Baba Yaga is the legendary witch of Slavic folklore, particularly Russian fairy tales. She lives on the edge of the forest in a hut that stands and moves on chicken legs. Baba Yaga herself fills the hut from end to end, stretched out on her stove with her nose growing into the ceiling. She travels through the air in a mortar, pushing herself along with a pestle and sweeping away her tracks with a broom. She also likes to eat people.

Baba Yaga is probably descended from a pre-Christian goddess of death, and many of the deliciously weird elements in her myth can be understood as holdovers of ancient symbolism. Our costume was particularly inspired by Marija Gimbutas’s description of Baba Yaga’s hut (emphasis added):

Baba Yaga never walks; she either flies in a fiery mortar or lies in her hut on bird’s legs. The fence around the hut is made of human bones and topped with human skulls with eyes intact…The hut can turn around on its axis like a spindle and is, in fact, Baba Yaga herself. (The Language of the Goddess, 1991)

Baba Yaga costumeSo, if Baba Yaga is one with her hut, then…can’t she also have chicken legs? Why, yes! Yes she can! The items we suggest, from left to right:

1. Red flannel nightgown. Another option is here. A long flannel nightgown works great as a house dress.
2. One yard of skulls-and-flowers calico to use as an apron. At first glance this looks like a classic Russian calico, with multicolored flowers on a black background. It’s only when you look more closely that you realize there are skulls in there. Psychedelic skulls! To use this as a full-length apron, just pin the top of the fabric to your nightgown at chest level and use a string or belt to secure it around your waist. (It’s not like it has to look good. Baba Yaga is not known for her sartorial splendor.)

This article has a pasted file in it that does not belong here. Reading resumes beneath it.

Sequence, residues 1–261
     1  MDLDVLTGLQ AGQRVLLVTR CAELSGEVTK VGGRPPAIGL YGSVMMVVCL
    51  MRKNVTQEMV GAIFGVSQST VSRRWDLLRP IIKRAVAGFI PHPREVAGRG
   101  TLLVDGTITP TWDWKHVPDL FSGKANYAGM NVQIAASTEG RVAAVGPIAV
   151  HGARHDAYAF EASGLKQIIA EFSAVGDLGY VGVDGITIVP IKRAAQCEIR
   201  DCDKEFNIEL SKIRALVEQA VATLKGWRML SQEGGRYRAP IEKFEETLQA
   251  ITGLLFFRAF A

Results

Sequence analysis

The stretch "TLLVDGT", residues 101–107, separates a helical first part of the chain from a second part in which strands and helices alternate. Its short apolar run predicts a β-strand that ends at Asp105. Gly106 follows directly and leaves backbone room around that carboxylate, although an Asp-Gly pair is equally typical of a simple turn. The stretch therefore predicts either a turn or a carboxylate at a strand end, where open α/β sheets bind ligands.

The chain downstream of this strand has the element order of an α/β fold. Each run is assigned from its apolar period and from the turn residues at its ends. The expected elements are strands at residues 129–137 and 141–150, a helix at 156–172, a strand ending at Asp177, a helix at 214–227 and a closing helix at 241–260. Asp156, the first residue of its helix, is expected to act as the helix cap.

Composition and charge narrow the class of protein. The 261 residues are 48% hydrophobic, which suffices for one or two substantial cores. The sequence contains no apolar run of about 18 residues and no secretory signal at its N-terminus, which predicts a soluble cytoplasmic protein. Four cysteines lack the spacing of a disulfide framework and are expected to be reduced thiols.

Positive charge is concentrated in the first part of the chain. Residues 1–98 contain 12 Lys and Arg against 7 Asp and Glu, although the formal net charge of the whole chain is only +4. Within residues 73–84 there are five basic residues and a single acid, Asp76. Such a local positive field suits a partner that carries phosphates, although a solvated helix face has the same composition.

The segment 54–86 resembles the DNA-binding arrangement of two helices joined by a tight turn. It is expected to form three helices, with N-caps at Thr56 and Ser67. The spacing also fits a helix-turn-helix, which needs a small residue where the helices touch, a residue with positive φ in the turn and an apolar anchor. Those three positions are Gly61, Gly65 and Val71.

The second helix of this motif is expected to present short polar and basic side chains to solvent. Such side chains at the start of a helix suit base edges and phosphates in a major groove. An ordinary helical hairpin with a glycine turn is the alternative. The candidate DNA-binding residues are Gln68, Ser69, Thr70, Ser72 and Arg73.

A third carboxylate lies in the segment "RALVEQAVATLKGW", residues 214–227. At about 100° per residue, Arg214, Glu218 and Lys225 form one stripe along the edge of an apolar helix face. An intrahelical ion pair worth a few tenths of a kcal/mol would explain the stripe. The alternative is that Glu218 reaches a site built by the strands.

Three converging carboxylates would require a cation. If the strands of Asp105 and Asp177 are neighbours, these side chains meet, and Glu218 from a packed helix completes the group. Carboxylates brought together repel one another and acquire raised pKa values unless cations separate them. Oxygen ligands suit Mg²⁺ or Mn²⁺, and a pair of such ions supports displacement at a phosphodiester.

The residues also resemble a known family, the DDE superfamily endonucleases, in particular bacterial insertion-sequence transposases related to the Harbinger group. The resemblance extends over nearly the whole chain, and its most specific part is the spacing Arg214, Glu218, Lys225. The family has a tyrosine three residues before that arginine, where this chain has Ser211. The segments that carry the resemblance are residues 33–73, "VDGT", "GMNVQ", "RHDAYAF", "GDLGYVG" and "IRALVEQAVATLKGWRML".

3. Black creepy cloth. Wrap some of this around you as a raggedy shawl.
4. Skull garland. The garland is 68 inches long and has 8 foam skulls, each about 2 inches high. Get a couple of these, one to drape around your shoulders as a giant necklace and another to wrap around your waist.
5. Blue skulls head scarf. Wear this babushka style: fold it in half as a triangle and tie it under your chin.
6. Costume chicken feet. You are one with your hut. If these chicken feet aren’t in stock, just wear flat boots or booties. You could also consider lapti (bast shoes), but these tend to be pricey souvenir items outside of Eastern Europe. UPDATE 10/6/2013: The chicken feet do seem to be sold out at the first store, but this place reportedly still has a couple of sets in stock.

Hair and makeup: You’ll need long gray hair and a great big nose (below). Note that you’ll also need spirit gum to attach the nose, and a boatload of foundation and powder to make it blend in. Use black eyeshadow to make huge dark circles around your eyes. You can also enhance your eyebrows with white or gray makeup.

witch wig and witch nose

Broom: The brooms that are sold online tend to be very small, so the best thing is to go to a local craft store. They usually have nice twiggy brooms in stock for Halloween.

Main illustration credits: The marvelous model of Baba Yaga’s hut in the upper right corner is by artist Forest Rogers. The other images are all Russian lacquer pieces depicting Baba Yaga and her hut.


Other costumes in this category: Goddesses and Legends